Shakespeare's Myths

2 Henry VI (c. 1590), III.ii.409-11:

Queen Margaret [to Suffolk]:

To France, sweet Suffolk, Let me hear from thee.

For wheresoe’er thou art in this world’s Globe

I’ll have an Iris that shall find thee out.


Troilus and Cressida (1602-1603, 1602), I.iii.371-73:

Ulysses: For that will physic the great Myrmidon,

Who broils in loud applause, and make him fall

His crest, that prouder than blue Iris bends.


All’s Well that Ends Well (1603-1604, 1603), I, iii, 146-48:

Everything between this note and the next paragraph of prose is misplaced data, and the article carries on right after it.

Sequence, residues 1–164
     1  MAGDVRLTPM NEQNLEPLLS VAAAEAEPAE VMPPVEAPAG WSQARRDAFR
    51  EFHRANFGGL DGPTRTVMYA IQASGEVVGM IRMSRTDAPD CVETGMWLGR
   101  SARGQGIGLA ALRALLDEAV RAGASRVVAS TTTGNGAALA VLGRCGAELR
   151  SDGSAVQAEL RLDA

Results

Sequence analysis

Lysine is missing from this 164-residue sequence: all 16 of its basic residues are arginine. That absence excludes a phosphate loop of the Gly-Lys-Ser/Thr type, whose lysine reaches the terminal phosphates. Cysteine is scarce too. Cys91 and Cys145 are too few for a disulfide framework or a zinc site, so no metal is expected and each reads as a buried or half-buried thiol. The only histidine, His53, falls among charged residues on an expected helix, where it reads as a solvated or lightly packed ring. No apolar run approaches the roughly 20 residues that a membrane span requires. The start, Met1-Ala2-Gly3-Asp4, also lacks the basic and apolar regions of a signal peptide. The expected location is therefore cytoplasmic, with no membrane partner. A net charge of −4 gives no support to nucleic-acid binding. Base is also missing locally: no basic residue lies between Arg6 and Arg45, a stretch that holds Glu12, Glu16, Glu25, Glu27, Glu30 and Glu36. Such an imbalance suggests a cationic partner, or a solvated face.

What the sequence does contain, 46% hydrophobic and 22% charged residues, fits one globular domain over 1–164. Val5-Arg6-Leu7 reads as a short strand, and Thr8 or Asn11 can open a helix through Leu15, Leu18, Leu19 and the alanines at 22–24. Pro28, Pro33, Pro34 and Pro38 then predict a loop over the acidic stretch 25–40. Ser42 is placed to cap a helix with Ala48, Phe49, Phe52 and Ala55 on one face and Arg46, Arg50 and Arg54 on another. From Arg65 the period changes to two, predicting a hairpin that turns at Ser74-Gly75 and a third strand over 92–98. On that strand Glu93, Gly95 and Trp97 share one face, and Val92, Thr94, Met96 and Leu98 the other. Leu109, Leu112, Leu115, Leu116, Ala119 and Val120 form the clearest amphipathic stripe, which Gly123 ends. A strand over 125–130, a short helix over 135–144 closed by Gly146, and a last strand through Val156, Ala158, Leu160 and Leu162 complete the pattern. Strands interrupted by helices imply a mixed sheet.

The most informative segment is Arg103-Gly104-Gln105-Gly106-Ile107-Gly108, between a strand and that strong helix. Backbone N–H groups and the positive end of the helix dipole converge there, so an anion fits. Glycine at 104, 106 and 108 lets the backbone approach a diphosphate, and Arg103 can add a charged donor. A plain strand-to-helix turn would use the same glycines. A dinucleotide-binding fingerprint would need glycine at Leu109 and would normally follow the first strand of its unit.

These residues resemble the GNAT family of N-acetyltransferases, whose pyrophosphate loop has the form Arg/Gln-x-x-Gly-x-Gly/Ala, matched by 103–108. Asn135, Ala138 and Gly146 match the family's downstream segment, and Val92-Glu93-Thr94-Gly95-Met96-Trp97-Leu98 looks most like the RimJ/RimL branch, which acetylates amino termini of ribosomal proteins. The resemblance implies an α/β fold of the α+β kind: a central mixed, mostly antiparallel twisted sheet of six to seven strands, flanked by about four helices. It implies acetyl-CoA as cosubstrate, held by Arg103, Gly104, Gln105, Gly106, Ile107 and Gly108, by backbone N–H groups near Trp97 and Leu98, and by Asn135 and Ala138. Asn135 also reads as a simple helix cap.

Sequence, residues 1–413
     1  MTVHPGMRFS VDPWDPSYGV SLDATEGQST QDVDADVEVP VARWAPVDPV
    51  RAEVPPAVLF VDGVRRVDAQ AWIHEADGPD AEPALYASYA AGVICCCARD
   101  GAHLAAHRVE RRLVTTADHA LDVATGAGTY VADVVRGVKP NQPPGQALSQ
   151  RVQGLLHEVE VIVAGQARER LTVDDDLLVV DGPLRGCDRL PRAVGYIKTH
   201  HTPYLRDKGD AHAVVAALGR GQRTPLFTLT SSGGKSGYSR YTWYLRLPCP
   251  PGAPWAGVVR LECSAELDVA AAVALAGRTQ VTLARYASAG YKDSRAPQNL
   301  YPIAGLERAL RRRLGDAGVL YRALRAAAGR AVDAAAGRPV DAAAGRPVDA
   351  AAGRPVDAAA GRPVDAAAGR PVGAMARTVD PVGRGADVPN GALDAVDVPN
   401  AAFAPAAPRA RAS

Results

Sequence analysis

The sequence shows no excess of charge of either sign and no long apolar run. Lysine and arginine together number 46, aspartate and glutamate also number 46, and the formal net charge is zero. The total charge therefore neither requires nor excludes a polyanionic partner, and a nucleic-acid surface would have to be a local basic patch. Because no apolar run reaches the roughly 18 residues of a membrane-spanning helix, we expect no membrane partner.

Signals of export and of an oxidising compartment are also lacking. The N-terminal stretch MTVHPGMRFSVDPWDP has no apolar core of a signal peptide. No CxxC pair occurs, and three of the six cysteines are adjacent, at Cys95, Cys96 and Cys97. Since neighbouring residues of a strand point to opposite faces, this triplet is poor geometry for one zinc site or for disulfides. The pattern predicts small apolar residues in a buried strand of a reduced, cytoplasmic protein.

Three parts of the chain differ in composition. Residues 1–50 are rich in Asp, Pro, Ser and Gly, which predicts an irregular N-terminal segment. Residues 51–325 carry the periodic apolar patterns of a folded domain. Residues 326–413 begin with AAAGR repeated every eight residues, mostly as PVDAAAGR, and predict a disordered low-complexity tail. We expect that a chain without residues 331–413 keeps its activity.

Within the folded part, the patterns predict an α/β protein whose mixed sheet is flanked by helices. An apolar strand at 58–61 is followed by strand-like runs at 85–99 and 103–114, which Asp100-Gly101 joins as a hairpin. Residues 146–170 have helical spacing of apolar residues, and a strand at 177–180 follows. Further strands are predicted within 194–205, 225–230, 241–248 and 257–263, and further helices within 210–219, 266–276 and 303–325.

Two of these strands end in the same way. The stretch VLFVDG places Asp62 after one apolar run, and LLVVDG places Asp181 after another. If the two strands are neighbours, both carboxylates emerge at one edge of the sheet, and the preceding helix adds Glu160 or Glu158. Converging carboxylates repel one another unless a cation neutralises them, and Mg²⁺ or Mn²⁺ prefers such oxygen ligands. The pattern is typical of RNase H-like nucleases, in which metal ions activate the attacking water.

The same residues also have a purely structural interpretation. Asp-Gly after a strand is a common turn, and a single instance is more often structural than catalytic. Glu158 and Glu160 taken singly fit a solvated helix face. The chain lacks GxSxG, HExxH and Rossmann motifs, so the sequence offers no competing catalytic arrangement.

Countess [to Helena]: What’s the matter,

That this distempered messenger of wet,

The many-coloured Iris, rounds thine eye?


The Tempest (1611), IV.i.60-142 [wedding masque of Iris, Ceres and Juno]


The Two Noble Kinsmen (1613-1614, 1613), IV, i, 84-88:

Wooer:                        about her stuck

Thousand freshwater flowers of several colours —

That she appeared, methought, like the fair nymph

That feeds the lake with waters, or as Iris

Newly dropped down from heaven.


How to cite

Yves Peyré. "Iris."  2009.  In A Dictionary of Shakespeare's Classical Mythology (2009-), ed. Yves Peyré.

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